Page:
The Clayton County property tax authorities particularly the Board of Assessors have the responsibility of ensuring the equitable and reasonable valuation of all taxable real and tangible business personal property in their jurisdiction. You are probably wondering exactly what processes and procedures the Board uses in the determination of the appraised and, thus, of the assessed values for all taxable property in Clayton County.
Your chances at winning your assessment appeal may well hinge on these factors that affect appraised values. You can discuss these factors in an in-depth manner with your tax consultant but it pays to know them, too.
Present Cash Value
The Clayton County property tax assessors will first look at the property’s present cash value, which refers to the amount of money that a willing purchaser will pay to a willing seller for the property. The cash value excludes the costs of purchase, such as closing fees. The purchase price should be expressed in terms of cash or cash equivalent and should be arm’s length transactions for all intents and purposes.
Highest and Best Use
Aside from the present cash value, the appraiser also uses the highest and best use of the property in the immediate future as well as its present use. The appraiser will consider any applicable legal limitations, land use regulations on the state and local levels, and moratoriums imposed by law, ordinances, and proclamations, among others. These factors are considered because these can restrict or prohibit the development of the property, such as in zoning regulations.
Qualities of the Property
The appraiser will also use the innate qualities of the subject property in determining its fair market value. These qualities include the property’s location, land size, topography, and building size, building type, quality of construction, age, and depreciation. An accurate improvement description is essential to the development of a cost approach to value.
The appraiser will use the net proceeds of a comparable property’s sale. Net proceeds means the appraiser adjusts the sale price for a typical financing and unreasonable closing costs. The appraiser may adjust the sale price for time if the sale took place some time ago and the market is changing quickly. In most cases, the appraiser will exclude the portion of the sale price that can be attributed to payment for personal property items, such as household furnishings.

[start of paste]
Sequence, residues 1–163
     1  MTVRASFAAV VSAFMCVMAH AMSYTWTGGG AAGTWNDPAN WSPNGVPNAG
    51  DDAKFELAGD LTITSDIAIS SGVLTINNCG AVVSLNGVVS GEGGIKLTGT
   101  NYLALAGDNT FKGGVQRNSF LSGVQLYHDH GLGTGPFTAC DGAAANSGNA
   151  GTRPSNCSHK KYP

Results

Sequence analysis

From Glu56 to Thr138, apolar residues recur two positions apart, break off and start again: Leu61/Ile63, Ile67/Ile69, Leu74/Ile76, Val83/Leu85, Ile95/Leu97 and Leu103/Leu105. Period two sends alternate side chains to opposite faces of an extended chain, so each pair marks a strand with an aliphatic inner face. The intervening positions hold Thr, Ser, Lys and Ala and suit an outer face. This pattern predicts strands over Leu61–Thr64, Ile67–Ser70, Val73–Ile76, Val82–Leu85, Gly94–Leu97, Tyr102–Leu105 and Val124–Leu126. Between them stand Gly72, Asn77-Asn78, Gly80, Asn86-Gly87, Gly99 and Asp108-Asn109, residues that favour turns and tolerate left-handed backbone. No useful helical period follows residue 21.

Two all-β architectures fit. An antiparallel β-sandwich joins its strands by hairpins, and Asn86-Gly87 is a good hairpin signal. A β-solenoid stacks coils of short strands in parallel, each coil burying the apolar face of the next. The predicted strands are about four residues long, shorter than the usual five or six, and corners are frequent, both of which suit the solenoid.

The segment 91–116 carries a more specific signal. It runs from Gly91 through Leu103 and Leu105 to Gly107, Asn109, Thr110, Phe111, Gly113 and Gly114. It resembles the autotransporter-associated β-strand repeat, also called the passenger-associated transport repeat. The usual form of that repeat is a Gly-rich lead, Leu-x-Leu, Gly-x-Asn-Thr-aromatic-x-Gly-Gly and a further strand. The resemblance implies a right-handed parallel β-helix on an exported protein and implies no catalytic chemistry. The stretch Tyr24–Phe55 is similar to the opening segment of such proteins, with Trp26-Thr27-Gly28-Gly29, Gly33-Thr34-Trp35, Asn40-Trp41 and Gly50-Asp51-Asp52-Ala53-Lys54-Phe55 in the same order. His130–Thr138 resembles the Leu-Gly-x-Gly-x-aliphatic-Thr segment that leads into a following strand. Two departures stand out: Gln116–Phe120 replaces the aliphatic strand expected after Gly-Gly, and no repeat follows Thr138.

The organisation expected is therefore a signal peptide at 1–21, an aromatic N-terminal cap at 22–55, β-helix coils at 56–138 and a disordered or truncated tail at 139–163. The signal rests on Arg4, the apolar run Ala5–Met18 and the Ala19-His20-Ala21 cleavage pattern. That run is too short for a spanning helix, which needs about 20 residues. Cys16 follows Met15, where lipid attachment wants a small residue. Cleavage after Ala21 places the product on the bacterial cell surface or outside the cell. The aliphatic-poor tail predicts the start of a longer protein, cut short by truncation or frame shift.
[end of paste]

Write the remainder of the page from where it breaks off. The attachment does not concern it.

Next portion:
The Clayton County property tax assessors then compare the adjusted sale price to their appraised value. The “sale ratio” is appraised value divided by sale price. If within the subject neighborhood many of these sale ratios are low, say under 90%, then the assessor’s staff will raise all of the values in the neighborhood. Georgia tax law states that on average (actually on the median) a county’s sale ratio must be higher than 90% or they have to pay the state a penalty.
As a result the appraised value of your real property can change from one year to the next. Market values will change as a result of several factors, including but not limited to economic growth in the region, the increase in demand for housing, and any improvements to the property itself. You may also point out these factors when discussing the increase in your property’s assessed values with the Clayton County property tax authorities. If you think your property is over assessed, contact Fair Assessments, LLC now for assistance on a property tax appeal.